ALICE THROUGH THE LOOKING GLASS – St Paul’s Church, London.
We are invited to become a part of the surreal adventure with Alice & co in Daniel Winder’s adaptation of Lewis Carroll’s story Alice Through the Looking Glass; which rather than sinking into the depths of many clichéd and stagnant versions, we are catapulted to another world with beautiful surroundings.
Guided from the courtyard, into St Paul’s Church and out into the wonderfully decorated garden, we are transported to each magical location, defined by a cast of enthusiastic and highly talented performers from Iris Theatre who showcase their versatility and energy from beginning to end. Each actor plays numerous characters – each with a prominent role in sustaining the slick and controlled ambiance with impressively quick costume changes which allows each scene to flow organically into each other. The particularly enjoyable Tweedledee and Tweedledum scene (played by Dafydd Gwyn Howells and Nick Howard-Brown) has the audience in fits of laughter with their cheeky, camp and ludicrous conversations, alongside farcical acknowledgements of the audience and playful songs. Thankfully the musical score does not overpower the narration in any way and is a handy tool when moving the audience from one location to another, as this does take a bit of time, (proving difficult for people with mobility issues) and holds our excitement for the next encounter.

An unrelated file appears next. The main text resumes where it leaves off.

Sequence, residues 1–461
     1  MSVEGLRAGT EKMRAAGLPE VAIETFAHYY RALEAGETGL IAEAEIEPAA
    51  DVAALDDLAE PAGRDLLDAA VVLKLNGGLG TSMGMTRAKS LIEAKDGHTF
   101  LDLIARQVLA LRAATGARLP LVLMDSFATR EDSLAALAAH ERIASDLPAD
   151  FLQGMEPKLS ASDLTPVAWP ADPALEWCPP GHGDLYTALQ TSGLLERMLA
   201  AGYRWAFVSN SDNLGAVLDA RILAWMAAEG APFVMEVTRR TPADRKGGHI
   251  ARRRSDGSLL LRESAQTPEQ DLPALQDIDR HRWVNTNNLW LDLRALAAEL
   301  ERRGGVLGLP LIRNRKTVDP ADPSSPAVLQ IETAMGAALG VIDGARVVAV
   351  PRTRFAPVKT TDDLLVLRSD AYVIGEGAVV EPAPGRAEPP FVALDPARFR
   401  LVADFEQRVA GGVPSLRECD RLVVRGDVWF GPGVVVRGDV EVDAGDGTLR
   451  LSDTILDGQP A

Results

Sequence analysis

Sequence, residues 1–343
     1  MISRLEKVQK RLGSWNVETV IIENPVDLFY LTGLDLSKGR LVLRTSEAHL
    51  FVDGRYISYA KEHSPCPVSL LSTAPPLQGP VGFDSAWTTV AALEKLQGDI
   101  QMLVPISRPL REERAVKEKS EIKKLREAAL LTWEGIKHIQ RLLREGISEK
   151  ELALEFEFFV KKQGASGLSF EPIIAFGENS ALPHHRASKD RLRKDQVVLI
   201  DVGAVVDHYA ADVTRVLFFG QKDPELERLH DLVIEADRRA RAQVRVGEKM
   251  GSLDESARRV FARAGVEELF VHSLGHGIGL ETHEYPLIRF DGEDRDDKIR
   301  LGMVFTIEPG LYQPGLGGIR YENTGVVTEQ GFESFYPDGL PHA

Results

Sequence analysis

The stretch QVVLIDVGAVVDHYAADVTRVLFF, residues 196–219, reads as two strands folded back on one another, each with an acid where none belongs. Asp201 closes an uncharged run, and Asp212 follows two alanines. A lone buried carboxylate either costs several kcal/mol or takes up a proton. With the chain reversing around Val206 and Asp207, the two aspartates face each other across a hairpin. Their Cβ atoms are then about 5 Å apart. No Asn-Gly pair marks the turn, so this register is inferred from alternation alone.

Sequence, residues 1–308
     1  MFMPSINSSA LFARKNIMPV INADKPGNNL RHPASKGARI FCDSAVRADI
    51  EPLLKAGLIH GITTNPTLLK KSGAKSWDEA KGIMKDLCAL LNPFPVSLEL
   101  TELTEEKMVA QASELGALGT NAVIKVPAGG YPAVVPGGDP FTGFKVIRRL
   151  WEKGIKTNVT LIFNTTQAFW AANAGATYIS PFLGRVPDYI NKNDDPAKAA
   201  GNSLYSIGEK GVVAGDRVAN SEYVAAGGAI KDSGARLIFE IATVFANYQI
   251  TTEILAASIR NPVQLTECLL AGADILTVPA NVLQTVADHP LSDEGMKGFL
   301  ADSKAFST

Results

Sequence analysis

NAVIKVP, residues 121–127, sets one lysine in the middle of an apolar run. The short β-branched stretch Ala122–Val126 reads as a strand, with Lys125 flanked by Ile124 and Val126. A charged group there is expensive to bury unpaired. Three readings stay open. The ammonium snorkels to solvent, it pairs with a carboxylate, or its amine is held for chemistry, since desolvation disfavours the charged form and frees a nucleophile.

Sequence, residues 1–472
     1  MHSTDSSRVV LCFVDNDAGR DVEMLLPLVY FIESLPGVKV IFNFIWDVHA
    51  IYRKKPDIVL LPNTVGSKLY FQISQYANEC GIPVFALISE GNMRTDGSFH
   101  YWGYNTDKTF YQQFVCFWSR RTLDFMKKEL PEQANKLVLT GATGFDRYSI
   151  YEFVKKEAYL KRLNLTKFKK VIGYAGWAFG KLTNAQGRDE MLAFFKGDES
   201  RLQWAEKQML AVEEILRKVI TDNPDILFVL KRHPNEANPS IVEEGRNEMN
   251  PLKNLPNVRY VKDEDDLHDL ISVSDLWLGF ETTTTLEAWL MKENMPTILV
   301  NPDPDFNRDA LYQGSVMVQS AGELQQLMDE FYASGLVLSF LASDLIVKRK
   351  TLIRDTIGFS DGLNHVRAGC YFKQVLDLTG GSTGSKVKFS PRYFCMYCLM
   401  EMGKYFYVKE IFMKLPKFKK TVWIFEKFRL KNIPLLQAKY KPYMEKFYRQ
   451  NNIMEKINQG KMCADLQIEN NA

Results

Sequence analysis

As a family performance there are occasions when the dialogue feels a little wordy for smaller members of the audience to understand, however the absurdity and vibrancy of the piece maintains their focus almost entirely for the fairly lengthy two hours. In addition, the comical timing of the actors is second to none – there is a scene with the Lion which is so bizarrely hilarious, he is almost competing for a stand alone show. Although it must be said that audience interaction seems somewhat erratic and perhaps a little forced at certain points when it is not necessary to enhance a performance that works so well without it.
The finale, whilst grand and an exciting immersive climax, also resembles a scene from The Exorcist and I wouldn’t be surprised if some children find it a touch frightening. However don’t let this put you off, as providing the weather plays ball Alice Through the Looking Glass is a sweet summer treat that is too good to miss. Never underestimate the power of promenade theatre within a summer setting.
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By Natalie Green
30th July – 30th August 2014
St Paul’s Church, London, WC2E.